of the year, receiving 66 percent of
the votes cast by all 105 division 1-
A football coaches and sports in-
formation directors.
"I'd like to accept this award on
hehalf of the Michigan Wolverine

Two more matches are all that remain for the Michigan volleyball
team this season. Two more games to fight through nagging injuries. Two
more games that must be won in order to even their Big Ten record. Two
more games to say goodbye to coach Peggy Bradley-Doppes.
Friday night, the Wolverines (8-10 in the Big Ten, 17-12 overall) will
try to snap a three-game losing streak against Minnesota. Similarly, the
Golden Gophers (10-7, 13-15) want to rebound after losing to Ohio State.
Minnesota won the first meeting between the two teams in September
in three straight games, 7-15, 13-15, 3-15.
"We're hoping to play better against them this time," Bradley-Doppes
said, "but we're a little banged up right now."
Injuries have hampered three of the Wolverines' top players. Outside-
hitter Michelle Horrigan is being slowed down by shin splints, the same
injury that forced her to sit out all of last year. Hitter Fiona Davidson is
suffering from knee and wrist problems, and Joanna Collias is nursing a
hyper-extended elbow.
"We're not easing up on them,".Bradley-Doppes said. "All we have is
one more week to play through the pain."
Iowa will come to town on Saturday for the final game of the season.
The Hawkeyes lost the previous match with the Wolverines, and are
struggling with a 1-17 Big Ten, 6-26 overall record.
"They've had some trouble trying to hide their shorter players,"
Bradley-Doppes said. "but they have gotten quite a bit better since we saw
them last."
The last point of the Iowa match will mark the end of Bradley-
Doppes' stay as coach. She will depart after a two-year tenure to devote
her full attention to her role as Associate Athletic Director. Bradley-
Doppes has amassed a 321-183 record in her 13-year career, including stints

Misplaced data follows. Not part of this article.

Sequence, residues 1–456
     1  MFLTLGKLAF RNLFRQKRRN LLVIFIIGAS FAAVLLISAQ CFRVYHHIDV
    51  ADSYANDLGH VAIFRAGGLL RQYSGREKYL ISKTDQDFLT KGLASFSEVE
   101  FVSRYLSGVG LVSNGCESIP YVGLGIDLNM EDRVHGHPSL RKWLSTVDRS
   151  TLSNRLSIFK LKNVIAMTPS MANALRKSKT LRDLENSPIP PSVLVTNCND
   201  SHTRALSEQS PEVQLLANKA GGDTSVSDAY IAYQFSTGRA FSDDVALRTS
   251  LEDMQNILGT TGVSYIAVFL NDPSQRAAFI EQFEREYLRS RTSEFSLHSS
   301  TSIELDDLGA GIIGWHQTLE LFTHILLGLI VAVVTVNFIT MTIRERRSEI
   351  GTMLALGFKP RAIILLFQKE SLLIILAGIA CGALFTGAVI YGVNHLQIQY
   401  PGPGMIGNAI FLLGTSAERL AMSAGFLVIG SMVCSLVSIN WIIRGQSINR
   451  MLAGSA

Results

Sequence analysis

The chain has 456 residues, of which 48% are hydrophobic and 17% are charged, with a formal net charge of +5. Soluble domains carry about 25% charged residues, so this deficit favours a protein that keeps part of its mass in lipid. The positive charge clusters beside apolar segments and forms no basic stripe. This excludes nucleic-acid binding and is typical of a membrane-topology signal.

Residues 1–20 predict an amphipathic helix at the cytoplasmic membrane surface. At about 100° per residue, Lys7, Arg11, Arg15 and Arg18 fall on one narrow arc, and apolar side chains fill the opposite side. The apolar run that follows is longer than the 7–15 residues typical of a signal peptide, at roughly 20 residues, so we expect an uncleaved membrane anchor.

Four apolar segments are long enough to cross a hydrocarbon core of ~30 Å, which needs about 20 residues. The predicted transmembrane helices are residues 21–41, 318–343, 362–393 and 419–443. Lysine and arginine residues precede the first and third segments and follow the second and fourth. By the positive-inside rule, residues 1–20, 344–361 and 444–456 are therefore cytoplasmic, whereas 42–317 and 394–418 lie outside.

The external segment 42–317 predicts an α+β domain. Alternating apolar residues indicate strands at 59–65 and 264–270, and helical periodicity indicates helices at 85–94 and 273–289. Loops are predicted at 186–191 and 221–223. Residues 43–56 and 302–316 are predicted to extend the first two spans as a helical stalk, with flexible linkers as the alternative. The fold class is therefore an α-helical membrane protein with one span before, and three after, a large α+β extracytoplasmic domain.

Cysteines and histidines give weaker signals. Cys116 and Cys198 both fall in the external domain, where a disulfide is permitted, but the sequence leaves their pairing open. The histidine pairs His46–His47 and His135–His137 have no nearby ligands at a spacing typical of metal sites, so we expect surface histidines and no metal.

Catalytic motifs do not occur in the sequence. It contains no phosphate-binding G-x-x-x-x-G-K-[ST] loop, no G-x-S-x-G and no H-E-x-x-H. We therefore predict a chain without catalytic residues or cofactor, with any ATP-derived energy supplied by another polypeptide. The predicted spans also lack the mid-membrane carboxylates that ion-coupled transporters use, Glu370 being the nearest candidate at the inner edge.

at North Carolina and Miami of Ohio.
Blue opens season
wih age-shoot
by Tim Spolar
Daily Basketball Writer
Although tomorrow is the big turkey-shoot, the Michigan women's
basketball team hopes to be shooting birds again Sunday.
The Wolverines' weekend prey will be Eagles, not gobblers, as they
open their 1991-92 season against Boston College Sunday at 2 p.m. at
Crisler Arena.
The Wolverines, whose only preseason action consisted of a 97-69
thrashing at the hands of the world-ranked Cuban National team, head
into their opener with little first-hand knowledge of the Eagles. Sunday's
matchup marks the first-ever meeting between the squads.
However, a lack of experience does not necessarily mean a lack of fo-
cus. With six and one-half weeks of practice under their belts, the
Wolverines are eager to get their season started.
"We're expecting to come out and play our best at our game," sopho-
more forward Michelle Hall said. "You can't come out thinking 'Oh,
they're the quick team.' You have to come out and play the type of game
you want to play."
The main concern for the Michigan coaching staff will be designing a
defensive scheme to contain BC's Sarah Behn. Behn, a 5-10 junior guard, led
the Big East conference in scoring last season with 23.9 points per game
and is also a preseason Kodak all-American.
Youthful Wolverines
face off against Lehigh




by Shawn
Daily Sports'


After strong individual finishes in the Eastern Michigan and Ohio
Opens, the eighth-ranked Michigan wrestling team will square off against
Lehigh Sunday at Stabler Arena in Bethlehem, Penn.
All-American Joey Gilbert, who won the 142-pound title at both
opens, will drop down and compete at 134 against Lehigh. Junior James
Rawls, who competed in junior nationals last year, will represent the
Wolverines at 142.
Michigan will be led by senior Phil Tomek and returning all-Ameri-
can Lanny Green. Tomek was the heavyweight runner-up at the Ohio Open,
while Green finished third at 177.
A majority of the Michigan lineup is composed of young wrestlers.
Brian Harper (150) and Sean Bormet (158) are red-shirt sophomores,
while Jehad Hamdan (190) is a red-shirt frosh.
Dan Leemaster (118) and Jesse Rawls, Jr. (167) are true rookies, but
their contributions should not be overlooked. Rawls finished second and
third at EMU and at Ohio, respectively.
Lehigh is ranked 17th in the Amateur Wrestling News pre-season poll
and should provide stiff competition for the Wolverines.
Blue heads to Champaign
to defend preseason title
by Dan Linna
Daily Sports Writer
Saturday, the Michigan men's volleyball team will look to step up its
endurance and repeat as champions of the Big Ten club preseason tourna-
ment in Champaign.
Last weekend, the Wolverines finished second in the MSU Comeback
Classic after tiring against Notre Dame.
"We've got to prove that we can go all the way and finish off a team."


football team and coaching staff, be-
cause without them none of this
would have been possible," Howard
said. "I'm glad my family was hear
because this is the most prestigious
award I've won thus far."
In other team awards: Linebacker
Erick Anderson took the Roger Zat-
koff award (linebacker): offensive